By THE NATION
Tens of thousands paid their respects on Monday at a temporary crematorium at Buddhamonton Isan on the grounds of Wat Nong Waeng.
The crowding caused severe traffic congestion, resulting in a 17-kilometre drive from the university’s Golden Jubilee Convention Hall to the temple taking two hours.
The late monk’s body has been among the remains of 647 Khru Yai (people who donated their bodies for research) being honoured with Abhidhamma prayers at the Convention Hall since last Monday.
Royally sponsored cremations are arranged for 144 of the Khru Yai, including Luang Phor Koon, on January 29. Prime Minister Prayut Chan-o-cha is expected to attend and present a Maha Bangsukul robe.
Dr Charnchai said teachers and students hosted a merit-making ceremony on Monday morning at which 150 monks were given breakfast and alms, while relatives of the 647 Khru Yai ritually presented robes to 10 monks.
Then at another ceremony, Phra Kru Sathitwaraporn presented the late monk’s walking stick, with which he famously tapped on people’s heads as a unique form of blessing.
The cane will be kept at the Luang Phor Koon memorial site, a Bua Liam chedi to be built atop the location of his cremation.
In the afternoon, Charnchai said, elaborately carved banana stalks and fresh flowers were placed in the temporary crematorium, which is a papier-mache structure shaped like a Husadilingu – the mythical half-bird, half-elephant of the legendary Himmavanta Forest.
Next, 450 staff members and students of the university’s medical school who were involved in study of and research on the late monk’s body, rehearsed a ritual in which they will “apologise” to him.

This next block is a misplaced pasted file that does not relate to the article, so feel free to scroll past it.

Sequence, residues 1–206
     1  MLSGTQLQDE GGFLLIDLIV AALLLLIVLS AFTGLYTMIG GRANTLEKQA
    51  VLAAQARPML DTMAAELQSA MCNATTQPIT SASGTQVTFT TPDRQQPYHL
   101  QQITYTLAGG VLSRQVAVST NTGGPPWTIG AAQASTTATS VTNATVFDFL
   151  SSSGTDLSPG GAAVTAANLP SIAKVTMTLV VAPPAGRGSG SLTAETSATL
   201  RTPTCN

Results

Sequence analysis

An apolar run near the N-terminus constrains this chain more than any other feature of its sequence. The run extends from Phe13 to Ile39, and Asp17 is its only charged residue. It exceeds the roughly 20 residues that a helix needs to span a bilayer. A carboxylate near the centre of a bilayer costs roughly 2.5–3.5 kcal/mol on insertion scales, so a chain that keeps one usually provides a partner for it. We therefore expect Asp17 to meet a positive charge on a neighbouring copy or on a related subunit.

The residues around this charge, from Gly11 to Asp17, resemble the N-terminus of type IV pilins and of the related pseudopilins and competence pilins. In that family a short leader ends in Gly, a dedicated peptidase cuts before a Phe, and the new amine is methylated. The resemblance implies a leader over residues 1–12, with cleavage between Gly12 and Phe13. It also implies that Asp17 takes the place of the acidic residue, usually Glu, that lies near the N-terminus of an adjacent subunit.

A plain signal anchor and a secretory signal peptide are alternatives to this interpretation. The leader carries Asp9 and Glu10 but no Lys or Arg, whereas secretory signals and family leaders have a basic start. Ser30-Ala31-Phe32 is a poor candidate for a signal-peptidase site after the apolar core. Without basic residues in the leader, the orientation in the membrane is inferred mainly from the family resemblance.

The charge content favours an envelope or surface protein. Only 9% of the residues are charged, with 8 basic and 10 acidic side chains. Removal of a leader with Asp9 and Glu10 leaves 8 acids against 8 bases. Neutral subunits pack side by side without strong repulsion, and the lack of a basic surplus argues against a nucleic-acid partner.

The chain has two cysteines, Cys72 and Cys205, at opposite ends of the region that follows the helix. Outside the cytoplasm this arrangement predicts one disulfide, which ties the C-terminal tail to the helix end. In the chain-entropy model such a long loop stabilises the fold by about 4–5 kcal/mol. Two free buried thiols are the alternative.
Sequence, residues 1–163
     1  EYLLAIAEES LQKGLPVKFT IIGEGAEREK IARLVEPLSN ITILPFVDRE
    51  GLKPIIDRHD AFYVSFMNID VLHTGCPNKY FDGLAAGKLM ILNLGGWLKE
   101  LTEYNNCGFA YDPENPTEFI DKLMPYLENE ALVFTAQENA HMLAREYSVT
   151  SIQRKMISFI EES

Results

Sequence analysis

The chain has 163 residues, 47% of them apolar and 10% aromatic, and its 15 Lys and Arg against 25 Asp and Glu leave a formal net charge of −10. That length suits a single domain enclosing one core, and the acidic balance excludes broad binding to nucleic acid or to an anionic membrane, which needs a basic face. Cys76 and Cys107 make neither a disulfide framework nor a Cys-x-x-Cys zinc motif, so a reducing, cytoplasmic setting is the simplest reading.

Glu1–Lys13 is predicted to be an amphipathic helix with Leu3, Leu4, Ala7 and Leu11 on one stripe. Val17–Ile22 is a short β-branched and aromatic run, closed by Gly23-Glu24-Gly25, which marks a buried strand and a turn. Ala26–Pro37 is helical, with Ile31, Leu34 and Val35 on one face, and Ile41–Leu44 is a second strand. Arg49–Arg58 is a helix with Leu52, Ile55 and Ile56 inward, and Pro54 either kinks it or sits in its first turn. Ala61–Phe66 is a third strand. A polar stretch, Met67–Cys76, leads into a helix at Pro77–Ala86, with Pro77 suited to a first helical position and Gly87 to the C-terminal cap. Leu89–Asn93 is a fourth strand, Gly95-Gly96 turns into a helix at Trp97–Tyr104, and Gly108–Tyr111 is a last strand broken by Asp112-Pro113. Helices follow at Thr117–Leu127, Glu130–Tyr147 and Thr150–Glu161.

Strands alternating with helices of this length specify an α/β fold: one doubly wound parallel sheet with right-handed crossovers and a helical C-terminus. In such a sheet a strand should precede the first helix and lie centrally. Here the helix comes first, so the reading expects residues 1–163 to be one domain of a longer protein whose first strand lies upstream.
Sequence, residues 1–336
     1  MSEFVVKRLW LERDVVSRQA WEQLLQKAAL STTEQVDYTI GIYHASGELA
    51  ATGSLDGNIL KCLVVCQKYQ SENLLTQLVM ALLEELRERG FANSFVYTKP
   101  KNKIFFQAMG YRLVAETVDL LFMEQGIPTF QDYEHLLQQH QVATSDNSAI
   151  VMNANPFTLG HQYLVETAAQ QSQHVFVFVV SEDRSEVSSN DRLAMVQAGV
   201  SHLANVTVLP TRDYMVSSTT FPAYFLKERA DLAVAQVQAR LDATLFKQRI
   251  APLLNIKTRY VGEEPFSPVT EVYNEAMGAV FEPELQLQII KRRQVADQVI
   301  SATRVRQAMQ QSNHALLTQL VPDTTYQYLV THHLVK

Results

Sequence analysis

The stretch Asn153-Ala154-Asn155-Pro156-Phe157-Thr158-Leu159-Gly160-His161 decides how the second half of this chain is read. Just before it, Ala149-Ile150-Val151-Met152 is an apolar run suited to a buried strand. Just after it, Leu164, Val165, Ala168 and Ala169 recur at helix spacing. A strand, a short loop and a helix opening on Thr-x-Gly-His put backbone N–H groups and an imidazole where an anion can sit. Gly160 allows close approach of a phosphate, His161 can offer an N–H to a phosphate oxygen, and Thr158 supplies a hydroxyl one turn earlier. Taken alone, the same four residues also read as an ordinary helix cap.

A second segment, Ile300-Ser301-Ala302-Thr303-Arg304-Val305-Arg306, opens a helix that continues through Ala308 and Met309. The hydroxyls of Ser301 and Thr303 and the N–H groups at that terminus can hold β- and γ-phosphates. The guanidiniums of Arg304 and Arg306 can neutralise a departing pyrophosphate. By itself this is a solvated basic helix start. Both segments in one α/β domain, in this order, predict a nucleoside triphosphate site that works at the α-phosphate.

A “Husadilingu-slaying” ritual and dances that will precede the |cremation were also rehearsed.
on Monday evening was to include a rehearsal of carrying the late monk’s coffin to the temporary crematorium, using a box of the same dimensions and weight.
The temporary crematorium, which has been described as a “one-of-a-kind masterpiece”, is 22.6 metres tall and 16 metres wide, including a platform |decorated with 32 statues of mythical animals.
It is painted white to signify Luang Phor Koon’s simplicity, humility, purity and graciousness.
The cremation site has three zones. In the innermost, the Husadilingu-shaped crematorium occupies an octagonal platform ringed with the animal statues.
Mourners have been circumambulating around the crematorium and laying funeral flowers in the next zone. The outer area has tents and access for reporters and photographers.
Luang Phor Koon, abbot of Wat Bai Rai in Nakhon Ratchasima’s Dan Khun Thot district, was one of the country’s most revered monks. He died at age 92 on May 16, 2015, and, in accordance with his written will, his body was donated for medical research to Khon Kaen University.
He also requested that his body be cremated and the ashes scattered on the Mekong River at Nong Khai to avoid his mortal remains becoming a “burden to others”, to ensure no one took advantage of them, and to |prevent conflict among his disciples.